Editorial from The Morrow County Sentinel You’d like to believe Ohio’s Supreme Court would be on the side of open governments and the little guy. Unfortunately, it looks like it might be favoring government officials over your right to know.
The Ohio Coalition for Open Government built a spreadsheet of Supreme Court rulings between July 2010 and July 2015, to test the notion that the Supreme Court usually favors government officials when they fight with members of the public about transparency.
Sadly, that point of view seems to be proven true.
The review found 46 cases but excluded routine prisoner cases and the eight cases in which the opinions were mixed too much to fairly be scored as pro-government or pro-citizen’s right to know. That left 32 cases.
Of those cases, only 12, or 37.5 percent, were in favor of opening records up to the public. The other 20 favored restricting or denying access. In a statement, the Supreme Court said it was just interpreting laws.
“The role of the Supreme Court of Ohio in open government cases is to interpret and apply the public records access laws passed by the General Assembly,” according to a press release. “The Supreme Court is not free to use cases to legislate its own views on open government.”
Justice Terrence O’Donnell voted 77 percent of the time against releasing records. Justice Judith French was the most friendly toward citizens’ cases — and we intentionally use this term ironically — as she voted against releasing records 60 percent of the time.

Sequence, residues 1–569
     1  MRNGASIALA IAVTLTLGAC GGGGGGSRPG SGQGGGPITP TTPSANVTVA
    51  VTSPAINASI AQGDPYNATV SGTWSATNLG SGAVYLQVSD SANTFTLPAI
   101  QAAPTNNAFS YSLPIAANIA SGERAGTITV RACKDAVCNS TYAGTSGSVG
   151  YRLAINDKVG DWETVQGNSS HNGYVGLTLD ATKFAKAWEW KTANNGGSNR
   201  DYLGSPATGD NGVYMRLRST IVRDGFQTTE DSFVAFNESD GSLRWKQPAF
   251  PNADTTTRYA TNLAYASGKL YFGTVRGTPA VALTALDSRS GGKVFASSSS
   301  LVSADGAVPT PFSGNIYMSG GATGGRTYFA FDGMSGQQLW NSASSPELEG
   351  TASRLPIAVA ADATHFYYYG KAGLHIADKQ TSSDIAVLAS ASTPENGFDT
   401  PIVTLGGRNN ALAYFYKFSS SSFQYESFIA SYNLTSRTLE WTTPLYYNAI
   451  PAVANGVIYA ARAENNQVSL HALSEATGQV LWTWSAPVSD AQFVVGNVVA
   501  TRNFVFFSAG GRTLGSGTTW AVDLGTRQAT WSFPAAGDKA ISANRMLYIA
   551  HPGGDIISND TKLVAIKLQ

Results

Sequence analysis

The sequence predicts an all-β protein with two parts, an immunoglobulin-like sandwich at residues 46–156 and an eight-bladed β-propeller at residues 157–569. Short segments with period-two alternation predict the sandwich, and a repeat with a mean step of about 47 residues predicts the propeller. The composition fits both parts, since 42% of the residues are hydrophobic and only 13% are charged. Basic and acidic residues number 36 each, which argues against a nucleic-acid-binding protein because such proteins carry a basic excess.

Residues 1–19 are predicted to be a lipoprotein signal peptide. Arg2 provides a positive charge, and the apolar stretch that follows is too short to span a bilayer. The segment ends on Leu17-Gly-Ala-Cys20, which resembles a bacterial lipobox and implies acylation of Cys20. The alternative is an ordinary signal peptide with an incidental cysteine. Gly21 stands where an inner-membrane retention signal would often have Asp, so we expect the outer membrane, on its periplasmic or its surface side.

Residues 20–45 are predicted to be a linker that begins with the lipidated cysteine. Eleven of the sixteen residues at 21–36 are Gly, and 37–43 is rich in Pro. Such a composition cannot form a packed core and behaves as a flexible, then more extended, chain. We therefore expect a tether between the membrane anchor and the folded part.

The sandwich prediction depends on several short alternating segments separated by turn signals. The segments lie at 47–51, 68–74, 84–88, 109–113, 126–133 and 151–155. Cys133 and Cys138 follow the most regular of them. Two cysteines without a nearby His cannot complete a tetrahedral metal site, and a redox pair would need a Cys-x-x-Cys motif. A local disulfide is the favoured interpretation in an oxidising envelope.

As a watchdog on the public’s behalf, open records and open meetings are near and dear to our hearts at The Lima News. Every citizen should be concerned, though, when their government hides records and meetings that are specifically mentioned in Ohio’s laws.
It’s not simply so we can meddle. It’s so we, as taxpayers, can see that our public officials are doing things the right way.
“We agree that people should keep in mind that there are a lot of factors that go into decisions, starting with the facts of the case, the existing law and evidence as presented,” Dennis Hetzel, president of the OCOG and executive director of the Ohio Newspaper Association, said in a press release. “Sometimes it means a poorly written statute needs fixing, which was starkly demonstrated by their recent ruling involving Ohio charter schools. A number of decisions in recent years have made it particularly difficult to gain access to government records in Ohio.”
We can’t tear into all public officials, of course. Many follow the laws about public meetings and public records to the letter of the law, willingly cooperating. This study only looks at the ones that kept getting pushed to the Supreme Court.
That also makes you wonder how small this number is compared to the real problem of uncooperative government officials. Lawsuits like these are costly to fight. Publications and members of the public must think twice before sinking tens of thousands of dollars into defending what’s right.
Further, the Ohio Attorney General’s office instituted a free mediation process between governments and people seeking public information, in hopes of limiting the number of cases that must make their way to the Supreme Court.
The good news is the court seems to be swaying back in favor of John Q. Public. Five of the most recent decisions tabulated are in favor of citizens’ right to see documents.
We can only hope this means more openness from our government in the future, with the Ohio Supreme Court’s backing it up.